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CED in the History of Media Technology


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SelectaVision HoloTape Prototype Player

1969: RCA SelectaVision HoloTape Player Prototype

RCA's competitive system to CBS's EVR was initially called HoloTape, and was later renamed SelectaVision or SV. This represents the first use of the word SelectaVision, which RCA later applied to their aborted MagTape system and, of course, to the CED system. During this period RCA was also using the acronym PREVS (PRerecorded Electronic Video Systems) to encompass all present and future consumer video systems. Like EVR, Holotape was a playback only format using what was believed would be an inexpensive mastering process. RCA gave a color HoloTape demonstration on September 30, 1969, but the system still lacked sound.

Holotape used electron beam recording to make a color encoded master of high resolution. A laser beam was then split, with one beam directed through the master and the other directly onto a plastic tape coated with photoresist- a material that hardens in direct ratio to the light that strikes it. When the two beams intersected on the tape surface, interference patterns (holograms) were formed in the photoresist that encoded all the information needed to reconstruct the video image. The tape was then chemically treated to eat away the photoresist not hardened by the laser beam. The resulting hologram master looked like a relief map of hills and valleys. A coating of nickel was plated on the hologram master resulting in a nickel master. A finished Holotape was made by feeding a sandwich composed of the nickel master and vinyl tape through high pressure rollers. RCA claimed thousands of finished tapes could be made from one nickel master. The home playback deck contained a low power laser whose beam was directed through the tape to a video imager also inside the deck.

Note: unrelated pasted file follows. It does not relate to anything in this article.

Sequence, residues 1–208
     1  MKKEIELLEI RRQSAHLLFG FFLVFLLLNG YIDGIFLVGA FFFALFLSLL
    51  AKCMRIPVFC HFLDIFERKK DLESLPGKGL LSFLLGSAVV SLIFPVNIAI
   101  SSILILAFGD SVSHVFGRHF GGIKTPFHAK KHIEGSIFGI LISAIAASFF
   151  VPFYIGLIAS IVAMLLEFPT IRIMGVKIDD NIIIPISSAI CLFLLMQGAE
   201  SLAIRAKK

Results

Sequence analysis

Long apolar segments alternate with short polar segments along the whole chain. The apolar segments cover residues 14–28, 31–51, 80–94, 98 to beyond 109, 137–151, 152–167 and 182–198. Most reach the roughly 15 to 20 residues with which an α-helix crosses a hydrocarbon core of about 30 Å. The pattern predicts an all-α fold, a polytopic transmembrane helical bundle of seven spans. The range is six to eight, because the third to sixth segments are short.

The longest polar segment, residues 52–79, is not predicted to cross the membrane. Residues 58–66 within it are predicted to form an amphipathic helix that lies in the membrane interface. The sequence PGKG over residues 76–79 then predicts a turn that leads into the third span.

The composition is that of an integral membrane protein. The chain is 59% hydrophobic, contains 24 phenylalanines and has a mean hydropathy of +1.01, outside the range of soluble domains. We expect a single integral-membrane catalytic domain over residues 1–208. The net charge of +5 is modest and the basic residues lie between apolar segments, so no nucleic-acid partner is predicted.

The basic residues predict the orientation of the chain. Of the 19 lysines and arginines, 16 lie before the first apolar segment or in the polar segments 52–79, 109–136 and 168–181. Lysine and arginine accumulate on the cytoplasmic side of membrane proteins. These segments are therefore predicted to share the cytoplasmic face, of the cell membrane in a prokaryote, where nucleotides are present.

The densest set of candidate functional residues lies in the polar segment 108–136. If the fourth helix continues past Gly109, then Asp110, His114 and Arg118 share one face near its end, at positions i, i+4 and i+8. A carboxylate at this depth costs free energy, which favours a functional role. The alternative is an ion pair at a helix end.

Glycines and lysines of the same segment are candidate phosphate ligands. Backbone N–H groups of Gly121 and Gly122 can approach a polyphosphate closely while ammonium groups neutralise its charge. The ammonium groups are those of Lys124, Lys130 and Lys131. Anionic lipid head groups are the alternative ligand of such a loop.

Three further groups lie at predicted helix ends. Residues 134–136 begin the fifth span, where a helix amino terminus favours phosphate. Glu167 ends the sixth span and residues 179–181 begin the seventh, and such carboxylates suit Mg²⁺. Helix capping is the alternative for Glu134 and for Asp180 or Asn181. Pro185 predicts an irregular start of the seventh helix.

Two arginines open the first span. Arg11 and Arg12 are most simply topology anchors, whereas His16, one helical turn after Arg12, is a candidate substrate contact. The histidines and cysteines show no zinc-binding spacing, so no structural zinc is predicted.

Although Holotape may have eventually been a manufacturable system, it needed a lot more research to reach that state after the 1969 demo. Development of the system did continue until June 1972, when it was canceled in the wake of RCA's huge financial loss from selling its troublesome computer division to Univac.


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